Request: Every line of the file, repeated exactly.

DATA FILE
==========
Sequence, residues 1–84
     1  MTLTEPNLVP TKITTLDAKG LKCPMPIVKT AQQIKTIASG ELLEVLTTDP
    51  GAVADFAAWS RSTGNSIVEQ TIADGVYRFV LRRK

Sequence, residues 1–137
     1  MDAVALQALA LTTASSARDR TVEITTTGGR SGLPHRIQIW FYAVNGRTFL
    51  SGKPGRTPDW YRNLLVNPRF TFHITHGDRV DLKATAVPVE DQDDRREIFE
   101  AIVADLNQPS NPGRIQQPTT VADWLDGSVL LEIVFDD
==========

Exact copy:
Sequence, residues 1–84
     1  MTLTEPNLVP TKITTLDAKG LKCPMPIVKT AQQIKTIASG ELLEVLTTDP
    51  GAVADFAAWS RSTGNSIVEQ TIADGVYRFV LRRK

Sequence, residues 1–137
     1  MDAVALQALA LTTASSARDR TVEITTTGGR SGLPHRIQIW FYAVNGRTFL
    51  SGKPGRTPDW YRNLLVNPRF TFHITHGDRV DLKATAVPVE DQDDRREIFE
   101  AIVADLNQPS NPGRIQQPTT VADWLDGSVL LEIVFDD